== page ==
On the 26th of October the results of stress tests will be announced which of Europe’s biggest banks have valued their assets properly and whether more capital will be required in order to withstand an economic crash.
Early last year when Europe announced it was going to conduct health checks of banks, a ‘comprehensive assessment’ was promised of how well prepared they had been to withstand another financial crisis. In practice, an attitude of comprehensive compromise has also been important. Interviews with officials, bankers and others involved in the European Central Bank’s financial inspection of the Eurozone’s main banks show that since it began, the ECB has had to deny many requests from banks for special treatment.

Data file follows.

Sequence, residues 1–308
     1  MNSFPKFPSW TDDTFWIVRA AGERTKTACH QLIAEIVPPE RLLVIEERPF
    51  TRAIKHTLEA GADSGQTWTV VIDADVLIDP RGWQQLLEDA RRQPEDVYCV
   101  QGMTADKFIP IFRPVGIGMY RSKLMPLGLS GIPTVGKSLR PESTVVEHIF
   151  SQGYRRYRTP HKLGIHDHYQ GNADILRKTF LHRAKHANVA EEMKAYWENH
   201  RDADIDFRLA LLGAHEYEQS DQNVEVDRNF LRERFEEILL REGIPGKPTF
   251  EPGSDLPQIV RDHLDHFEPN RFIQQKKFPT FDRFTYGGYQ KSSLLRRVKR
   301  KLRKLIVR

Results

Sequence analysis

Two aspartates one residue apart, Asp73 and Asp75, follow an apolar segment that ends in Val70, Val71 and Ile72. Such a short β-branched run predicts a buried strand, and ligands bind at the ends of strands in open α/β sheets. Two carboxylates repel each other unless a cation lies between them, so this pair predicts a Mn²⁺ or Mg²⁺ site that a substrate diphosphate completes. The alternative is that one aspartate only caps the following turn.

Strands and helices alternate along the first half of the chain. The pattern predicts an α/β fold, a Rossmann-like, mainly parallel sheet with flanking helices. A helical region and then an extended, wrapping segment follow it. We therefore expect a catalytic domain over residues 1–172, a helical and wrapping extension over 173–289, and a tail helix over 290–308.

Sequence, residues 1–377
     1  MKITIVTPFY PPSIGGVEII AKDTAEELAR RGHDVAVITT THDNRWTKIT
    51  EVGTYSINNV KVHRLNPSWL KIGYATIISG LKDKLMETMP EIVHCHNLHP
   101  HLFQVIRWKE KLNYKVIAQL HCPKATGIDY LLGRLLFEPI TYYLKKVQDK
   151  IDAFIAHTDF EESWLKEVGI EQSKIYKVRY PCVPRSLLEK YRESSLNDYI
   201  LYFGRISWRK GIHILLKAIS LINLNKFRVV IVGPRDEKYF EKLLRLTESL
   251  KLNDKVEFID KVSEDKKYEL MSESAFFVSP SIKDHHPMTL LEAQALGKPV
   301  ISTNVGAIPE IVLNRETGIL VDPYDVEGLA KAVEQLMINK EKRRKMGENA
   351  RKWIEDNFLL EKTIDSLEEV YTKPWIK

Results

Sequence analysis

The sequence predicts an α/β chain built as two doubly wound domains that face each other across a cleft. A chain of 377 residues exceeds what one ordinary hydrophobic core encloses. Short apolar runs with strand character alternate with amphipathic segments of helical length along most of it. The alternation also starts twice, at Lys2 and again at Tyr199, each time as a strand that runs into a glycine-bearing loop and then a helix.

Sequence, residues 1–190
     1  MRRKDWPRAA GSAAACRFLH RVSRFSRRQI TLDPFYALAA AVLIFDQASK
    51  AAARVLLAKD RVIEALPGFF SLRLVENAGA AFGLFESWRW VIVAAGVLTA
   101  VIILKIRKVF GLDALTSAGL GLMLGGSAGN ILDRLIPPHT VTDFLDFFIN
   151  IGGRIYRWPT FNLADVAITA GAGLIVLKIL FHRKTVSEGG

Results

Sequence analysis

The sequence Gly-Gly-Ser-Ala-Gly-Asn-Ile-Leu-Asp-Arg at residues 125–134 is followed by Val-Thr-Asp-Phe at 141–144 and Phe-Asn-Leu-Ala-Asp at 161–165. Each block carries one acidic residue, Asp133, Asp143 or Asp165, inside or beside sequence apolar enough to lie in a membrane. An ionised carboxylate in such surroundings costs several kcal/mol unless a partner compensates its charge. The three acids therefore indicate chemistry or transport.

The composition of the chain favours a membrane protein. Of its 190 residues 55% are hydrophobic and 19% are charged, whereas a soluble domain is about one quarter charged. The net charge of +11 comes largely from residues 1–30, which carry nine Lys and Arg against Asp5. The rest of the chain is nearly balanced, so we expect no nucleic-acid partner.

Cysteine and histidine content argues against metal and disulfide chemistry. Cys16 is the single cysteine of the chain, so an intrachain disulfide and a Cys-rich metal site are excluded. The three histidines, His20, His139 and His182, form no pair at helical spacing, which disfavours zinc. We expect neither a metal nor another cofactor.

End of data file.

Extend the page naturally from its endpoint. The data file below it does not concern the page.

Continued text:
‘Supervisors have revised the way they value capital and banks have failed to provide all the data demanded multiple compromises which can threaten the tests’ reputation as tough and consistent.’
On the 26th of October the results will be announced which of Europe’s biggest banks have valued their assets properly and whether more capital will be required in order to withstand an economic crash. Anticipation of the results is already affecting bank shares negatively, such as Monte Dei Paschi in Italy is falling to record lows as investors fear it may have to raise more money.
‘This health check provides in-depth unprecedented information on the condition of the largest banks in 19 countries and aims to strengthen banks’ balance sheets by identifying issues which in turn will build confidence and trust in investors’, a spokeswoman for the ECB stated.
The banks could calculate the maximum adjustment to provisions they were likely to face, the source said; an indicator to the ECB’s final assessment of whether they would have to raise more capital or restrict shares.